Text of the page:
Overstimulation Is Hard
For introverts, overstimulation is extremely difficult. Children come with constant touching, talking, questioning, playing, toy clutter, noise, etc. While all a blessing, it is still very challenging when you need moments of pure silence without any little eyeballs looking at you. Complete alone time, just for a few minutes.
Again, I actually love being with “my people” and get so much joy out of being home full time and homeschooling. The overstimulation is just simply hard. Throw in the homemaking and woo wee, talk about overstimulation, that brain clutter takes things to another level.
Pandemic Struggles Even For An Introvert
Stay at home orders sounded great in the beginning because I didn’t have to talk my way out of socializing. I didn’t realize how much I enjoyed the freedom of getting us out of the house regularly until the choice was taken away. Even as an introvert, we still went out. Who wants to homeschool between four walls all day? That’s what traditional schooling was for in my opinion.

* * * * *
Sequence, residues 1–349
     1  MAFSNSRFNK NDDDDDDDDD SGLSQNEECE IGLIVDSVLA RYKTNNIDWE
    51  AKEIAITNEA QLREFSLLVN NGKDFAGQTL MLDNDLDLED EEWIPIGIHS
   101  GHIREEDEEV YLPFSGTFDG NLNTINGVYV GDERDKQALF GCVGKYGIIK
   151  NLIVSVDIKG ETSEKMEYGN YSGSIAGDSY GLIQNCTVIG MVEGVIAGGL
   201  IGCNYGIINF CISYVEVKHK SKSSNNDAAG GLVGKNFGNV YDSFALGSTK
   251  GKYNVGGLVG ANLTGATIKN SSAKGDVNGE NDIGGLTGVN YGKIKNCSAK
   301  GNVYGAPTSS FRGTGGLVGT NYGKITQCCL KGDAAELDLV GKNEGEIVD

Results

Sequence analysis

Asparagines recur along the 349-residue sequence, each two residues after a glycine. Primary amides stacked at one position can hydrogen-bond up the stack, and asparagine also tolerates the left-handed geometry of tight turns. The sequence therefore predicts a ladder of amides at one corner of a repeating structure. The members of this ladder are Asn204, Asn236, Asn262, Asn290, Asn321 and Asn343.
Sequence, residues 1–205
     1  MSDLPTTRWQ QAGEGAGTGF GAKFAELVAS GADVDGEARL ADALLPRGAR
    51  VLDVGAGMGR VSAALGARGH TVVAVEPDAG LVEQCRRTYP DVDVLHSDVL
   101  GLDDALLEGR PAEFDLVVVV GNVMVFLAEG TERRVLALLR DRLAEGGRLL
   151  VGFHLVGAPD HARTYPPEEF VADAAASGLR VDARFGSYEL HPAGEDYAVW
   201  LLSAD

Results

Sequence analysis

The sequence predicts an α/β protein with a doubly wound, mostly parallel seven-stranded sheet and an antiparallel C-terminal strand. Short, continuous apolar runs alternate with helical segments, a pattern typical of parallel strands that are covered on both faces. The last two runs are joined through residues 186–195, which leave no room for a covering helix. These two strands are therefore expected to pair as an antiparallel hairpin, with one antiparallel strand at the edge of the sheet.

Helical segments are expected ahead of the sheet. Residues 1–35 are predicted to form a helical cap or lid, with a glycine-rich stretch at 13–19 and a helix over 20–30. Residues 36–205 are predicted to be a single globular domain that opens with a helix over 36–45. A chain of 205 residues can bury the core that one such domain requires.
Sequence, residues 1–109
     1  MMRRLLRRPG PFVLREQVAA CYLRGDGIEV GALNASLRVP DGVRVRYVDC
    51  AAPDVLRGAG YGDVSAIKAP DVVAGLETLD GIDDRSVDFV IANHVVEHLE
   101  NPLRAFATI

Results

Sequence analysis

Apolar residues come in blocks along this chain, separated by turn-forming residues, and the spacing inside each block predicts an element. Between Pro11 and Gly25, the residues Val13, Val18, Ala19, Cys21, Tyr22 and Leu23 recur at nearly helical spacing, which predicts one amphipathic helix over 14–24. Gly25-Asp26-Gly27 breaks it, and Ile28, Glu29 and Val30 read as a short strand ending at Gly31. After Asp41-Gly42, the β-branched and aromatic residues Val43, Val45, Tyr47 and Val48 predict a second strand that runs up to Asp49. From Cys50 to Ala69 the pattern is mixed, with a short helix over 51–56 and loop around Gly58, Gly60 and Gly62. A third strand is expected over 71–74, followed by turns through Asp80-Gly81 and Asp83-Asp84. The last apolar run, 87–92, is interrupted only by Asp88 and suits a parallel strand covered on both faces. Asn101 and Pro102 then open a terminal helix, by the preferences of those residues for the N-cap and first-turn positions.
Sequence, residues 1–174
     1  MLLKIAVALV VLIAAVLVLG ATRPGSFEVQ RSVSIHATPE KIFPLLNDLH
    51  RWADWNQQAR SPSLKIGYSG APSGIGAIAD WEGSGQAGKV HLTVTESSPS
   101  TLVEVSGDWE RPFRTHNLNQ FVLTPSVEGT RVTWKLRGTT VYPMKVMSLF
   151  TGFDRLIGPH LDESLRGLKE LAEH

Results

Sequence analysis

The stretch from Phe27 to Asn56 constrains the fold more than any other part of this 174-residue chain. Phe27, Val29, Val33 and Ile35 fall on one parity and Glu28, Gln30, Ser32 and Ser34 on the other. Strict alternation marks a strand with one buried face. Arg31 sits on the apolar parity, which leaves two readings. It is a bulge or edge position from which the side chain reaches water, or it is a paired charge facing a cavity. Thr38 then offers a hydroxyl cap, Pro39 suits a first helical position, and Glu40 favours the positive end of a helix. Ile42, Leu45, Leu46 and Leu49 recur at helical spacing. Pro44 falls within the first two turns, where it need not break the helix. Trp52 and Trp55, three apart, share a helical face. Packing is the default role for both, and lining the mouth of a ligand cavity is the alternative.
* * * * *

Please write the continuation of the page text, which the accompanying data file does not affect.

Before the pandemic, I could control where we went and at what time. I knew interactions would be short while my kids still had opportunities to socialize and be themselves. Now, to socialize, it has to be very limited and with the same few people in order to reduce the risk of illness or spread. This means I have to see the same people and socialize myself because we are spending consistent time together isolating.
So, how does an introverted mom thrive as a homeschooling mom? I have three tips that continue to help me on this journey.
3 Ways To Thrive In Homeschooling As An Introverted Mom